Accessibility links

Abbas Approved as First Palestinian Prime Minister - 2003-04-29

The Palestinian parliament has approved Mahmoud Abbas as the first prime minister. The decision clears the way for the U.S. government to present a long-promised new international peace plan for the Middle East.

The Palestinian Legislative Council endorsed Mr. Abbas' cabinet at a meeting in the West Bank city of Ramallah by a vote of 51 to 18, with three abstentions.

Lawmakers cheered the result before kissing and congratulating Mr. Abbas, the first Palestinian prime minister, who declared himself happy with Palestinian democracy.

The new cabinet, to be sworn in Wednesday, is the result of intense international pressure on Palestinian President Yasser Arafat to give up some of his powers and implement democratic reforms.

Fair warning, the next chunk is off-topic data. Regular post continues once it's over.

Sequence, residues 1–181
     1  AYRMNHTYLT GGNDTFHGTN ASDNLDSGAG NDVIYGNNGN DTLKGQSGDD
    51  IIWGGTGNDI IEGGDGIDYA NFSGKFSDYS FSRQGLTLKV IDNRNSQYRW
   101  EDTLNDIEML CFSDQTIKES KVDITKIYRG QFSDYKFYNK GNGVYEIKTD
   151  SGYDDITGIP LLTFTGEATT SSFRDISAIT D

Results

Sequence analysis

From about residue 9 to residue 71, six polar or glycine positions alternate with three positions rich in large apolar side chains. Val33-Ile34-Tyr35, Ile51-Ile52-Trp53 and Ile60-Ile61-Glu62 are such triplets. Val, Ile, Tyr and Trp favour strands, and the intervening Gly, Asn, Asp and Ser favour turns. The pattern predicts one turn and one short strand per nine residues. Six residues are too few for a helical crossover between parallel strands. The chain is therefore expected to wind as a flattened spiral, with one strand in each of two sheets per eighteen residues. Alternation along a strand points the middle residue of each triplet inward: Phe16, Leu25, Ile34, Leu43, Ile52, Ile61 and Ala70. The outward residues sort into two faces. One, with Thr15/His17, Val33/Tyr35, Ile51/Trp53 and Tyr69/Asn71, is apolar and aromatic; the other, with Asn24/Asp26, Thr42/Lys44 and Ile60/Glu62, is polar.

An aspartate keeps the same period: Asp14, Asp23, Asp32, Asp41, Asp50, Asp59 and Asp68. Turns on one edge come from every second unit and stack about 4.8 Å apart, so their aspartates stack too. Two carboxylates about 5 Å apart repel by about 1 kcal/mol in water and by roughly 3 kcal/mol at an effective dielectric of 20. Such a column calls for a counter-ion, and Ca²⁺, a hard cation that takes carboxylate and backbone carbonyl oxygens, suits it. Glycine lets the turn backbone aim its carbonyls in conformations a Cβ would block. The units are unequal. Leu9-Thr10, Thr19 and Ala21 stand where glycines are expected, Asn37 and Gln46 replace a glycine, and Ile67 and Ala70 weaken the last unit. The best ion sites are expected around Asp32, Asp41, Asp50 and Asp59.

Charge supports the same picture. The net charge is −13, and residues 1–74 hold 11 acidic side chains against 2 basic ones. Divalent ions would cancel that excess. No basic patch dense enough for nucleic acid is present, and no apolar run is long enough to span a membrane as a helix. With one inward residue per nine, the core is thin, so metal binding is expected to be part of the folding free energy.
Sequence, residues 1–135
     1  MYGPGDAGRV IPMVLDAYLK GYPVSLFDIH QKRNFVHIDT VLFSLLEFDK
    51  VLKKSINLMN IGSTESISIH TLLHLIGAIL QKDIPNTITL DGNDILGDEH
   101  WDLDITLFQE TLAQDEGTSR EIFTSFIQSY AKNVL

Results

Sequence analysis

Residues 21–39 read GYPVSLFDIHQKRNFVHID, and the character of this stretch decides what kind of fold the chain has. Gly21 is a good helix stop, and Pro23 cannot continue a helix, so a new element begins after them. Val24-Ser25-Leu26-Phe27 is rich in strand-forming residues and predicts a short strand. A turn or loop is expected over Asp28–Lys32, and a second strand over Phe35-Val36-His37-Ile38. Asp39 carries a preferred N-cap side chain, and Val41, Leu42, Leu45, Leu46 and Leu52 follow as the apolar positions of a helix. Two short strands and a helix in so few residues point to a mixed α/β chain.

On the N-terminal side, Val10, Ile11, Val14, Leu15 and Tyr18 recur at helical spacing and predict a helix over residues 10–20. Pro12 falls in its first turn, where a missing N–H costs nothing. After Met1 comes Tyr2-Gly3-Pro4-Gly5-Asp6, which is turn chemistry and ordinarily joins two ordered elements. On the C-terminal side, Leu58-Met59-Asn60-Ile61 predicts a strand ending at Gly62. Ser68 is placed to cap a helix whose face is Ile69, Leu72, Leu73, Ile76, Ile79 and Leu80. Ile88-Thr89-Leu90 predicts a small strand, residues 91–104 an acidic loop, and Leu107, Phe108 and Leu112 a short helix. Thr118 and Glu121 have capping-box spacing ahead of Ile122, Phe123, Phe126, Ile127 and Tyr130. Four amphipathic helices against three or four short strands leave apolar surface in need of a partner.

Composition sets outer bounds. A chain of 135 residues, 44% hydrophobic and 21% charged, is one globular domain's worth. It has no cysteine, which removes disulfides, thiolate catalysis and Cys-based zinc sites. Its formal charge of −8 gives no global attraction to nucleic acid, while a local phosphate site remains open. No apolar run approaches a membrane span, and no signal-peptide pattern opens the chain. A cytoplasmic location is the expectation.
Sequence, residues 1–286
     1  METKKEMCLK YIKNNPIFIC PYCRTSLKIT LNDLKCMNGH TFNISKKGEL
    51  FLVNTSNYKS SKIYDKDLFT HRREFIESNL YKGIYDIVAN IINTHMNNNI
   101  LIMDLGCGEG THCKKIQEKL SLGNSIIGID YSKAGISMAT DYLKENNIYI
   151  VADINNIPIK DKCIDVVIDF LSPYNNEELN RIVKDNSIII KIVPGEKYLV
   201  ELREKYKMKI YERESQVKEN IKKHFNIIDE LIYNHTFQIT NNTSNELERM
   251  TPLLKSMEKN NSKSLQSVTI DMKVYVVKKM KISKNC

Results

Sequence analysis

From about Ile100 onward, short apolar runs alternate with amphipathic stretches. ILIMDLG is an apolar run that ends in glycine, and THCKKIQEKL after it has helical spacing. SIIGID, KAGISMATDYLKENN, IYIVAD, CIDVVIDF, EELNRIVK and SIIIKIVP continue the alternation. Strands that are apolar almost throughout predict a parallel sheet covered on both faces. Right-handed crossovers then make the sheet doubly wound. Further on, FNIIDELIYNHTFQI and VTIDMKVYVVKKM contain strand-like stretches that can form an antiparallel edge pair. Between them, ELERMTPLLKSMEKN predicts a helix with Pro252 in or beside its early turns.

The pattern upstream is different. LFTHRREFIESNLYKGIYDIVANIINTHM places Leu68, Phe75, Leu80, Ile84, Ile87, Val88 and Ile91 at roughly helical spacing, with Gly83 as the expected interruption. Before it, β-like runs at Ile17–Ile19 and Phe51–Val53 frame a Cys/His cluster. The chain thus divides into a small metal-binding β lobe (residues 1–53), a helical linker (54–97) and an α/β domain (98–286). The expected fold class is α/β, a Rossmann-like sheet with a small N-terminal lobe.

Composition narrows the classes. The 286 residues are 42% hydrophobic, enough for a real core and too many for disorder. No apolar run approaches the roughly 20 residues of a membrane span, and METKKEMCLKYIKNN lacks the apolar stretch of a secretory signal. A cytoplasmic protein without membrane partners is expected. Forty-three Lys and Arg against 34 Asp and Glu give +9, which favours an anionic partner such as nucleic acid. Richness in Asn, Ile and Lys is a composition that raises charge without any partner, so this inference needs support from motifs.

Ordinary Palestinians, who say they want an end to corruption and mismanagement within the Palestinian Authority, also pushed for change.

The ministers in the new cabinet include both critics of Mr. Arafat and loyalists from within his Fatah faction, the dominant group in the Palestine Liberation Organization.

Before the vote, Mr. Abbas, who is also known as Abu Mazen, repeated his opposition to terrorist attacks on Israelis. In his first policy speech, he denounced terrorism and promised to control militant groups and illegal weapons.

Israeli Foreign Minister, Silvan Shalom, cautiously welcomed his address, saying it was a good start.

But militant groups, including Hamas, immediately rejected any attempt to disarm them, saying they would continue to launch attacks against Israelis.

Mr. Abbas also called for the removal of all Israeli settlements from the West Bank and Gaza, and for the establishment of a Palestinian state with Jerusalem as its capital.

The White House has welcomed the vote of the Palestinian parliament and reaffirmed President Bush's pledge to publish a Middle East roadmap to end the Israeli-Palestinian conflict.

The plan is also supported by Russia, the European Union and the United Nations.